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Summary

Raised and trained in seclusion at a secret fortress on the edge of the northern wilds of the Kingdom of Ashai, a young warrior called Rezkin is unexpectedly thrust into the outworld when a terrible battle destroys all that he knows. With no understanding of his life’s purpose and armed with masterful weapons mysteriously bestowed upon him by a dead king, Rezkin must travel across Ashai to find the one man who may hold the clues to his very existence.

Determined to adhere to his last orders, Rezkin extends his protection to an unlikely assortment of individuals he meets along the way, often leading to humorous and poignant incidents.

As if pursuing an elite warrior across a kingdom, figuring out who he is and why everyone he knows is dead, and attempting to find these so-called friends and protect them is not enough, strange things are happening in the kingdom. New dangers begin to arise that threaten not only Rezkin and his friends, but possibly everyone in Ashai.

This is the first installment of an ongoing series. This book is intended for adult readers. It contains graphic violence, creative language, and sexual innuendo. This book does not contain explicit sexual content.

©2015 Kel Kade (P)2016 Podium Publishing

What members say

Average customer ratings

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  • Overall
    4 out of 5 stars
  • Performance
    5 out of 5 stars
  • Story
    4 out of 5 stars

Good story overall

Very good narration, good story if a little slow during the middle. Tends to focus more on dialogue and has a little less action that I would have liked. Also names of guilds a little uninventive but nevertheless, would recommend!

4 of 4 people found this review helpful

  • Overall
    5 out of 5 stars
  • Performance
    5 out of 5 stars
  • Story
    5 out of 5 stars

Refreshingly excellent!

I've read reviews for other stories, were the reviewer will complain that the protagonist is too string and perfect, but in this case it's the whole point of the story and is so blatant, it's brilliant.

Many books in this genre have a very similar story line; young man suffers tragedy, then goes to train with masters, comes back to kick some butt. This one has a refreshing angle; our guy is already kicking butt by hour number 3-ish.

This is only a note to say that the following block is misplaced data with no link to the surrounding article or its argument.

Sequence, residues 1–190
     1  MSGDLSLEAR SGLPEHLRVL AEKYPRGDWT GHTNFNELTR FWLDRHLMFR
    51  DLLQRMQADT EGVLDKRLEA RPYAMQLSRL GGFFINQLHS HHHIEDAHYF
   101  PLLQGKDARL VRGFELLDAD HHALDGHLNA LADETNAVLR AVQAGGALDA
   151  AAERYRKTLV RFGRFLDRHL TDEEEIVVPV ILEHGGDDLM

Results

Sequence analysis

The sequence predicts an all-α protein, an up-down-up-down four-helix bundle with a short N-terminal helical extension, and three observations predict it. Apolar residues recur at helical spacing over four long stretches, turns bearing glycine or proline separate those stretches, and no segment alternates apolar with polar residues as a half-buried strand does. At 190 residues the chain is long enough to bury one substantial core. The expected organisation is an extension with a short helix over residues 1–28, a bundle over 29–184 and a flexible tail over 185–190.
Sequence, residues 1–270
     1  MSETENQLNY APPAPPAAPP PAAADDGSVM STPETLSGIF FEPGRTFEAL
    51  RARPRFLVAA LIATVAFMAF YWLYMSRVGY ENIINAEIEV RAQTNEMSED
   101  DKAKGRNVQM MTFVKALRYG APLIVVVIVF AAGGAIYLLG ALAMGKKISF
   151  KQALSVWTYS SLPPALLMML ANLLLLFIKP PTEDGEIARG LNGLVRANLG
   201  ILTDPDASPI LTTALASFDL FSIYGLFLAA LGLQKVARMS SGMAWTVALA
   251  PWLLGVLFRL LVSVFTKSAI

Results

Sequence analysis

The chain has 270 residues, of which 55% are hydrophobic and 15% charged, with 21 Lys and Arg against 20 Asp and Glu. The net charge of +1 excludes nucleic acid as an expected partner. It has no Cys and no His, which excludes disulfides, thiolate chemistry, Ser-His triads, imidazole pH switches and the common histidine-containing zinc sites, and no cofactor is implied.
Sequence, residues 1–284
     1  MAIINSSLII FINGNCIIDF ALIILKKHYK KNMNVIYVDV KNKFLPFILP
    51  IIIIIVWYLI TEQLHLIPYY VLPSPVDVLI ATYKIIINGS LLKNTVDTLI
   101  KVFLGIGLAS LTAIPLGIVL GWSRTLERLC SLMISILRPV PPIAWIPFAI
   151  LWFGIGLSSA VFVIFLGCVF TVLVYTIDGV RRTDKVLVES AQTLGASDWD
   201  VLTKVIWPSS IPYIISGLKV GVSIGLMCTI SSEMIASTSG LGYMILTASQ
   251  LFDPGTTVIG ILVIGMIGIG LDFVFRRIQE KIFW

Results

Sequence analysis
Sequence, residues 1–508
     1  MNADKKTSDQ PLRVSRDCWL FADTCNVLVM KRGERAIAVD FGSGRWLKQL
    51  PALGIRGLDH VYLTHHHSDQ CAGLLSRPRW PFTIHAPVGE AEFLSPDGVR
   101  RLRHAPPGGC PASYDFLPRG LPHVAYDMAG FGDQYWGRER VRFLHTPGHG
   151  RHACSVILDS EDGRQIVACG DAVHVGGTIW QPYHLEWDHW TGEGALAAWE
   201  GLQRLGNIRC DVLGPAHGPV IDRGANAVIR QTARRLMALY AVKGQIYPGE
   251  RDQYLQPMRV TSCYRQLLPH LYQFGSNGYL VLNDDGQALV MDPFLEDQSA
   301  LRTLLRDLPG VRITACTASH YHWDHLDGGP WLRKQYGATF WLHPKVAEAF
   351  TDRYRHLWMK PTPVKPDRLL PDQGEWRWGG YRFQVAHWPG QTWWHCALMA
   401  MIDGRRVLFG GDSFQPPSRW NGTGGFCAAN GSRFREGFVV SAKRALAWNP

The pace of the book is excellent there are no points where the story drifts into nothingness for a while, but keeps going on string with action around every corner. There is however only one story line, making the book easier to follow if you're the type to be listening to books while engaged doing this else.

I think if you're into books that world build for hours with incredibly well drawn out characters (a-la Joe Abercrombie), this isn't it; but it is well written and has (so far) an excellent story with an original twist.

It's seems to be getting more difficult to find good books in this genre; of course it's all personal preference, but similar-ish stories that I consider good recently are (hopefuly can help someone also looking);
Dawn of Wonder
Licanius Trilogy
Cycle of Arawn/Galande

10 of 12 people found this review helpful

  • Overall
    5 out of 5 stars
  • Performance
    5 out of 5 stars
  • Story
    4 out of 5 stars

Kel Kade's debut, and what a start it is!

If you could sum up Free the Darkness in three words, what would they be?

Fun, distinctive and covetous!

Who was your favorite character and why?

Rezkin - I really enjoyed his thought process about every day occurrences, which caused me on occasion to smile and laugh to myself. As a guy, I got pretty envious of his perfection, which is weird considering he's a fictional character, but that shows how much I enjoyed the book.

What about Nick Podehl’s performance did you like?

I believe it's the first time I've listened to Nick's narration, and believe he is stellar in his performance of the various characters.